SINGAPORE - Every two months, Madam Cheong Siew Keng makes a trip to an ATM at the Geylang Bahru neighbourhood where she lives.
"I will withdraw $500 each time for household expenses," says the 85-year-old.
She will ask a staff member from the Touch Senior Activity Centre, which runs a branch at the void deck of her Housing Board (HDB) flat, to accompany her to make sure that she punches in the correct PIN number.
"I trust them," says Madam Cheong.
It is the same drill when she has to visit the doctor - she will tell the staff at the Touch centre that she is ill and ask that they accompany her to the clinic.
"I have lived here for 18 years. The last 15 years I lived alone after my husband died," she says. "I don't have any children. The people at Touch are like my family members."
From next year, she will be able to turn to the voluntary welfare organisation for a new service.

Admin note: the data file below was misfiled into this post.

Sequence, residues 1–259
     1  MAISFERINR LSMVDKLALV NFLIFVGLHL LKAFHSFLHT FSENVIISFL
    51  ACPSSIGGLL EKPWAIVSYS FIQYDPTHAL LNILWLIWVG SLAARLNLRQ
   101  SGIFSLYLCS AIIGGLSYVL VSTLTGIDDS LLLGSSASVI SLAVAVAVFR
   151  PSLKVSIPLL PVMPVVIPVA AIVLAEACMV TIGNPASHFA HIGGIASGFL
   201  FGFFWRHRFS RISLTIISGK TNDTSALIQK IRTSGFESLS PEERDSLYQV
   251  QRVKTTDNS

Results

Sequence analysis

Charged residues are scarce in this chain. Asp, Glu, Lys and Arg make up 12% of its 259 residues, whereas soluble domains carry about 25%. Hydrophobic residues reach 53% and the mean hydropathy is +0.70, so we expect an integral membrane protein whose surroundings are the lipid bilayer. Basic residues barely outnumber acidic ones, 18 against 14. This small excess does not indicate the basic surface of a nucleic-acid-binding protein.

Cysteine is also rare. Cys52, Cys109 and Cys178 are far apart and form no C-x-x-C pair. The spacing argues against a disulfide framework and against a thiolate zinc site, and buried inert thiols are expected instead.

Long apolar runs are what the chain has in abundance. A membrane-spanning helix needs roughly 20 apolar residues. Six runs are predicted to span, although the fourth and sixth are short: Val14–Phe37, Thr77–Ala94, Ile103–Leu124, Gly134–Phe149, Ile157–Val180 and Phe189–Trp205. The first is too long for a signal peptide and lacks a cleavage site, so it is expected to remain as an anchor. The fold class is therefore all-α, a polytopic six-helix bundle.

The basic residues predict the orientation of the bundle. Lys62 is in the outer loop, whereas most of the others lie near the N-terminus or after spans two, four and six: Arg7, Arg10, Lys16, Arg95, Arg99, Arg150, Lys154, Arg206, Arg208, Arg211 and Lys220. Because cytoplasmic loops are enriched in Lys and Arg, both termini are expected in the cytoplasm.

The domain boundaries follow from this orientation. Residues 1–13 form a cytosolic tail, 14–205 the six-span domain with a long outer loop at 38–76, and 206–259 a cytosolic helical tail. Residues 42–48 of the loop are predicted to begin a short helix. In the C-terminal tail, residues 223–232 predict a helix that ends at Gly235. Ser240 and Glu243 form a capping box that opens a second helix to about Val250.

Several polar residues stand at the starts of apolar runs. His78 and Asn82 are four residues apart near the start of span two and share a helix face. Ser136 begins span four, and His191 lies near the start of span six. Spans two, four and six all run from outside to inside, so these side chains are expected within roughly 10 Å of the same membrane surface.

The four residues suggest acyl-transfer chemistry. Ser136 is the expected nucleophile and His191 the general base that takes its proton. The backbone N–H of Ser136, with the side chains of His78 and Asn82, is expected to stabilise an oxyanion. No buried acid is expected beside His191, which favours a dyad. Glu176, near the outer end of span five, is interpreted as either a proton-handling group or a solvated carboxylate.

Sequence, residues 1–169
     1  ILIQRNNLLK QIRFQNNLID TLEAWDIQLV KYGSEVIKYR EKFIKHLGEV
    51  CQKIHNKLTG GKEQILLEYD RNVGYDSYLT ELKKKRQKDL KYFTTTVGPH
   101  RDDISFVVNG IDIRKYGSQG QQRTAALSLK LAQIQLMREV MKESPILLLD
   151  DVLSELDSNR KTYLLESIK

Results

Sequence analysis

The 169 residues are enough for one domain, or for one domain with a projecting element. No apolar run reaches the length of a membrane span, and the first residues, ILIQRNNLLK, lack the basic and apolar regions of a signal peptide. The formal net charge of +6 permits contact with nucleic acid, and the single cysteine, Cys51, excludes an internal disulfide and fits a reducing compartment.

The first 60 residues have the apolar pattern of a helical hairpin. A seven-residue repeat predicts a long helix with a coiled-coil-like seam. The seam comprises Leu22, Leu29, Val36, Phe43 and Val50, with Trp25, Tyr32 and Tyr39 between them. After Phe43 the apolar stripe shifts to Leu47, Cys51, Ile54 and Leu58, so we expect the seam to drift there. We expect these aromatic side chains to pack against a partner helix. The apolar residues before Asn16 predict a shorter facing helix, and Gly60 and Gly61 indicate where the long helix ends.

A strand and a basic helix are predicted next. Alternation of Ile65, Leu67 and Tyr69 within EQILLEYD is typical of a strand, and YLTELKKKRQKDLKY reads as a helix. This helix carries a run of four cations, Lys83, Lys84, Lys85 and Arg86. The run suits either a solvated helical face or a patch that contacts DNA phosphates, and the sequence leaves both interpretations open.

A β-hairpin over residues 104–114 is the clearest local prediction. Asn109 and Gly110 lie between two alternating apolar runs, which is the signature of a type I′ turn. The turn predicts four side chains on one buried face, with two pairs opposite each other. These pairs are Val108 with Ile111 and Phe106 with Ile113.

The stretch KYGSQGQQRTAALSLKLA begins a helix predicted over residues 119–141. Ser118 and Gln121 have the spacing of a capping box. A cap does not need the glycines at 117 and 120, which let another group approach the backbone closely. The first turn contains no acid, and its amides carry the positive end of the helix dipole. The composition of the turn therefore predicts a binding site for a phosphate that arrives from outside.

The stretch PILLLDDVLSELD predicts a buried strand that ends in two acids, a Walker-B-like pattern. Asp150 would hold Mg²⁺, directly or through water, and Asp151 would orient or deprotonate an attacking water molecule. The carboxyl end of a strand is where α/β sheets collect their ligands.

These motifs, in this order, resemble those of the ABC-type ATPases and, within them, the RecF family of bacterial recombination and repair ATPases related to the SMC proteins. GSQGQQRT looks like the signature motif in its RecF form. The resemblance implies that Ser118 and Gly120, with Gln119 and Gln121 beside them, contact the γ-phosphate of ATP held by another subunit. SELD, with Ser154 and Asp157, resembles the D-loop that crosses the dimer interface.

Should she lose the ability to make financial decisions for herself, Touch will be able to manage her finances on her behalf, by getting court approval to withdraw from her bank savings for her healthcare and household expenses.
While Madam Cheong may be living alone in a HDB rental flat, she does not receive public assistance and instead relies on her savings of more than $10,000.
"My husband was working as a goldsmith and I was a housemaid, so we have some savings," says the sprightly woman.
Touch senior social worker Lai Yen Hoon, who has cared for Madam Cheong for more than two years, says that the new scheme will help social workers continue to provide care to their charges.
"Many of the seniors trust us to take care of them and the trust is built over many years. The new scheme is another way that we can continue to care for them," she says.
Meanwhile, Madam Cheong says that while she may be healthy now, her health and memory will eventually fail.
"I don't think about it," she says. "But when it happens, I know that I will not be alone."